Last Sunday, Spokane, Wash., received a record 12 inches of snowfall. It paralyzed the city. What’s an online developer to do when faced with a breaking news event that’s spread out over a large region? If you’re Ryan Pitts, online director with my newspaper’s website Spokesmanreview.com, you whip up a Google Map and solicit viewers to send in their snow stories and photos.
Using addresses from the submissions, the Google Map’s geo code (latitude and longitude settings) plots out where the photo or story originated. On day two, Pitts added functionality to the map by adding better navigation and embedded links to staff produced video. Google maps are not new, but using them for a breaking news event is not as common. This is a great way to allow viewers to contribute and interact with your website. We promoted the map from the front page of the morning newspaper. Though the flood of submissions has yet to come (49 so far), I think an interactive map like this will take off as more viewers begin to discover it.
I’m the Web writer-editor at my newspaper, and I love this idea.
The technical people here tell me this is something we couldn’t even attempt to do on deadline.
How would a person learn how to do this? — Anne Gregory (firstname.lastname@example.org).
We did a similar thing when we got just a few inches of snow in North Carolina (that’s a huge deal here). People were sending photos, as well as short e-mails with reports of snowfall totals, etc., and even though I was live-blogging, I was looking for a way to make all that information make sense. Here’s how my first effort turned out.
I remember being impressed with how the maps were used in the coverage of the Southern California wildfires, and I knew it would be perfect for a breaking weather event.
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Anne Gregory: Go to maps.google.com, click on the “my maps” tab, click the “create new map” link and you’ll find that is surprisingly quick and easy to learn.
This is not a news item, but a human interest item. There’s no useful news involved, let alone “breaking” news.
I hate to be a wet blanket, but I think this is a lot of effort for very little return, and more pretty than useful. 46 responses? What percentage of your readership is that? How many hours went into setting this up and updating it? How long will someone have to keep checking on it, particularly since it’s open to reader collaboration, and potential mischief?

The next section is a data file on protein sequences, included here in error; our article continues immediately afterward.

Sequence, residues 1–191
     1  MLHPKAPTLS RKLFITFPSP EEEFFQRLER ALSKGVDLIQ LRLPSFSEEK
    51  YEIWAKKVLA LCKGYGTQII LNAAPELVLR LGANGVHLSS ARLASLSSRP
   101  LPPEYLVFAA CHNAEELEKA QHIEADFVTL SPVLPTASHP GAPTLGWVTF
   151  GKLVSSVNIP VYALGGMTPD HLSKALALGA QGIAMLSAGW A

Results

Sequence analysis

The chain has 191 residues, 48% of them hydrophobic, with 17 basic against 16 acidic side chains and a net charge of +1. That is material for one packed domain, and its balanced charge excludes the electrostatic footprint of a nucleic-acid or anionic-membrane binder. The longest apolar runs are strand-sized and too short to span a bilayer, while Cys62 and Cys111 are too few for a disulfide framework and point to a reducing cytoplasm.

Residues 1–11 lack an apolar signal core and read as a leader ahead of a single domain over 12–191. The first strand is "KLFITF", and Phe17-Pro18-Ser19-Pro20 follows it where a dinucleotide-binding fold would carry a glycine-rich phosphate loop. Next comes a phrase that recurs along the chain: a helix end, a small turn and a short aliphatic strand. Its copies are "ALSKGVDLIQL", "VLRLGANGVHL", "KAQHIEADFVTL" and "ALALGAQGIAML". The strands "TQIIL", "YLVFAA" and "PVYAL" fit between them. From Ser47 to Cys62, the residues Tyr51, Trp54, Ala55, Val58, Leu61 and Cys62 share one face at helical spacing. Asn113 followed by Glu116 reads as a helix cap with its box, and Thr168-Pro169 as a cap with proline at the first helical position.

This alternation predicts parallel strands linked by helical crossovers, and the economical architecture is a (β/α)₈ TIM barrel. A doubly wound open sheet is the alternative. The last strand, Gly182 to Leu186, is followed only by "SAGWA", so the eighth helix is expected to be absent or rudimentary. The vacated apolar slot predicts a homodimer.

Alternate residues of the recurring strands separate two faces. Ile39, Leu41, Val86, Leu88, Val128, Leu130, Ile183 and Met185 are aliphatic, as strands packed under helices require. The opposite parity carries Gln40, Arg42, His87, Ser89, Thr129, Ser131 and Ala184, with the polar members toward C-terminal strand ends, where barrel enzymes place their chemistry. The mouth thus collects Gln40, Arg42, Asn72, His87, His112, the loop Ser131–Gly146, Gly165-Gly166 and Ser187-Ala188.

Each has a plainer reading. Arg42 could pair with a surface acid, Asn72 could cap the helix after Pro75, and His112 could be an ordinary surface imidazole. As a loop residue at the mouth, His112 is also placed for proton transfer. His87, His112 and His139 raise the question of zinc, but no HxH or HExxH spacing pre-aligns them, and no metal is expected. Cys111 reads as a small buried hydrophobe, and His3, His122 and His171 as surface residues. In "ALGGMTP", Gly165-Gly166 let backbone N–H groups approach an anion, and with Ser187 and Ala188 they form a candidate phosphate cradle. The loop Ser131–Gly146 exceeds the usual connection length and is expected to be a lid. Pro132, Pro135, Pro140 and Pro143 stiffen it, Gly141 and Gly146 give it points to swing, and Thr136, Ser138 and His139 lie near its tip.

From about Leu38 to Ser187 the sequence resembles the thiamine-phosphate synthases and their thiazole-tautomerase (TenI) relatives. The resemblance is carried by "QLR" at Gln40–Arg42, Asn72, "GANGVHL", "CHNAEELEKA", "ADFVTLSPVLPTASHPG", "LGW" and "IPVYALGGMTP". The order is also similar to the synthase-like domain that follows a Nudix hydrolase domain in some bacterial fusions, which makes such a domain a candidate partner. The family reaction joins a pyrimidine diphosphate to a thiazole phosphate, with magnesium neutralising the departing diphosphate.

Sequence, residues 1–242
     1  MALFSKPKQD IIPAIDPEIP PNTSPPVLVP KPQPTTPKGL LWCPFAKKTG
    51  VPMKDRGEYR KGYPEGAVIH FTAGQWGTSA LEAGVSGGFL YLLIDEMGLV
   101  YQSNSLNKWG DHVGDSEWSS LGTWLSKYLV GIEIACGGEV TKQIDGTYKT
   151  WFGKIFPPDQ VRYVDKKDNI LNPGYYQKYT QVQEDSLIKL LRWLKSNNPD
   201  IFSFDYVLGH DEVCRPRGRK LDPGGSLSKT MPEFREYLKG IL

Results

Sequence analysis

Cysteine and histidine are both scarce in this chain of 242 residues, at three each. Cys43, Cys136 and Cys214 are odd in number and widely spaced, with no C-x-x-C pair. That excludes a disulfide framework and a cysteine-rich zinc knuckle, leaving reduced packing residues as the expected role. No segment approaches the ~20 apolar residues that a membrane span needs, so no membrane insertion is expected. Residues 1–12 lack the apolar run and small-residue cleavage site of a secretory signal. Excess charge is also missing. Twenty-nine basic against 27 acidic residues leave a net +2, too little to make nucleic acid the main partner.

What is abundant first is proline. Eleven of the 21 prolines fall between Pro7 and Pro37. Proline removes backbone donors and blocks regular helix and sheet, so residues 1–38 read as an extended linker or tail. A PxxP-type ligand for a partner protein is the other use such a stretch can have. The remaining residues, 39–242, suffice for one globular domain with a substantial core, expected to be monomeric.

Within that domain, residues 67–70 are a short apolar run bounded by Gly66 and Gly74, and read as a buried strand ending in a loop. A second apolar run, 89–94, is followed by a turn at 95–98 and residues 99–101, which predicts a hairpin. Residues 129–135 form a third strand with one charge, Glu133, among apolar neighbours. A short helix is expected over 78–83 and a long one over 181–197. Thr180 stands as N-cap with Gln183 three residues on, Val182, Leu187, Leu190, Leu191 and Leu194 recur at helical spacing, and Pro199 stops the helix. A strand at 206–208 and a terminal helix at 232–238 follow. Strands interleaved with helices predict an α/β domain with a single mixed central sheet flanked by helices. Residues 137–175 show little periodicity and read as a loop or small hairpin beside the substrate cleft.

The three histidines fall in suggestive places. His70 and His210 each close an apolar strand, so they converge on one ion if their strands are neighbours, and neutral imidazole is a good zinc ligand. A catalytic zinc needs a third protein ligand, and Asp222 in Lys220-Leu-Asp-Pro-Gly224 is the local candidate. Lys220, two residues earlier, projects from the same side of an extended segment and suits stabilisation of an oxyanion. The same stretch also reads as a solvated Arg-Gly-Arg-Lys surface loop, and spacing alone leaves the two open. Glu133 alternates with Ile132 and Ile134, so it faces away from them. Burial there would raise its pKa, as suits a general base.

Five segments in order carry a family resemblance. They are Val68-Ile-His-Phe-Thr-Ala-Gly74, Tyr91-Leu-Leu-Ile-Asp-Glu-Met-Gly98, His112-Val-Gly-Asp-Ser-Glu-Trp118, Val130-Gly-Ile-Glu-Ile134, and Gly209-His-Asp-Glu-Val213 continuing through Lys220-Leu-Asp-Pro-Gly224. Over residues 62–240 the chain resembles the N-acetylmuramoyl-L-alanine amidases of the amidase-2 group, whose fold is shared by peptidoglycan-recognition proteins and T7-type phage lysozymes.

A lot of editors hear the word “interactive” and get all excited, without thinking through whether it’s necessary, useful or worth the investment of time in a shrinking newsroom. Most don’t understand the actual process involved (and don’t care to learn) so they remain unable to render an accurate effort vs. result analysis.
Our newspaper attempted to do an interactive Google map as “news” during a 24-hour snowstorm over the entire state. The editors wanted up-to-the-minute snowfall totals for a lengthy list of specific towns. It proved impossible to stay current, and our website constantly showed data several hours old. And since nobody was going to stay up all night to keep it updated, it would have been ancient history by the next morning. So we pulled it, and referred readers to the most current weather site that they could get the relevant info for themselves.
A map of photos and stories is something else again. Just don’t call it “breaking news.”
Also: put the date or time period on the web page, so readers can tell at a glance when it happened.
The map is not labeled “breaking news” — it’s just one component of our coverage of a breaking news event. Naturally we have straight news, multimedia, and so on as part of our storm coverage — but as you said, this adds a human interest angle to our coverage. And that’s a good thing.
Would I be thrilled if we had several hundred submissions in there? Sure, but regardless, I think features like this are worth the investment. It takes time, as a newspaper, to position ourselves as a place for readers to talk with each other, rather than as an institution that talks at them. Each feature like this that we do builds toward that goal. And it’s not just about how many readers *post* items, naturally — only a small percentage are going to submit comments, but a much larger group will see the results.